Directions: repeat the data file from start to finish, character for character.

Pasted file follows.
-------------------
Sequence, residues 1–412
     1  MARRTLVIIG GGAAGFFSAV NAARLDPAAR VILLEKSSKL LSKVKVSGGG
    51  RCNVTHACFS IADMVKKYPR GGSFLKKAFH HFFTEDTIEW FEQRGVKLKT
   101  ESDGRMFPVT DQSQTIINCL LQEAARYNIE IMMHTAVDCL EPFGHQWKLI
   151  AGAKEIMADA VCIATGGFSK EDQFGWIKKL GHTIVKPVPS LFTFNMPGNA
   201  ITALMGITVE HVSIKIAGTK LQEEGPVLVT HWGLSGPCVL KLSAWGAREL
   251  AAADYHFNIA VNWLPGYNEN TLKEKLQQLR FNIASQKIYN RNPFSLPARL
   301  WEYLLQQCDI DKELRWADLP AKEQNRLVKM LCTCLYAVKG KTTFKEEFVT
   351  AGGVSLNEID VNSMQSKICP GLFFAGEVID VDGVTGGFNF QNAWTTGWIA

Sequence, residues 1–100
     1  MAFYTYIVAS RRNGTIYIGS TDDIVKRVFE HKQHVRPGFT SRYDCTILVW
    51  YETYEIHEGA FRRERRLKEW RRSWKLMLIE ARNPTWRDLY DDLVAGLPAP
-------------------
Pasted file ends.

Sequence, residues 1–412
     1  MARRTLVIIG GGAAGFFSAV NAARLDPAAR VILLEKSSKL LSKVKVSGGG
    51  RCNVTHACFS IADMVKKYPR GGSFLKKAFH HFFTEDTIEW FEQRGVKLKT
   101  ESDGRMFPVT DQSQTIINCL LQEAARYNIE IMMHTAVDCL EPFGHQWKLI
   151  AGAKEIMADA VCIATGGFSK EDQFGWIKKL GHTIVKPVPS LFTFNMPGNA
   201  ITALMGITVE HVSIKIAGTK LQEEGPVLVT HWGLSGPCVL KLSAWGAREL
   251  AAADYHFNIA VNWLPGYNEN TLKEKLQQLR FNIASQKIYN RNPFSLPARL
   301  WEYLLQQCDI DKELRWADLP AKEQNRLVKM LCTCLYAVKG KTTFKEEFVT
   351  AGGVSLNEID VNSMQSKICP GLFFAGEVID VDGVTGGFNF QNAWTTGWIA

Sequence, residues 1–100
     1  MAFYTYIVAS RRNGTIYIGS TDDIVKRVFE HKQHVRPGFT SRYDCTILVW
    51  YETYEIHEGA FRRERRLKEW RRSWKLMLIE ARNPTWRDLY DDLVAGLPAP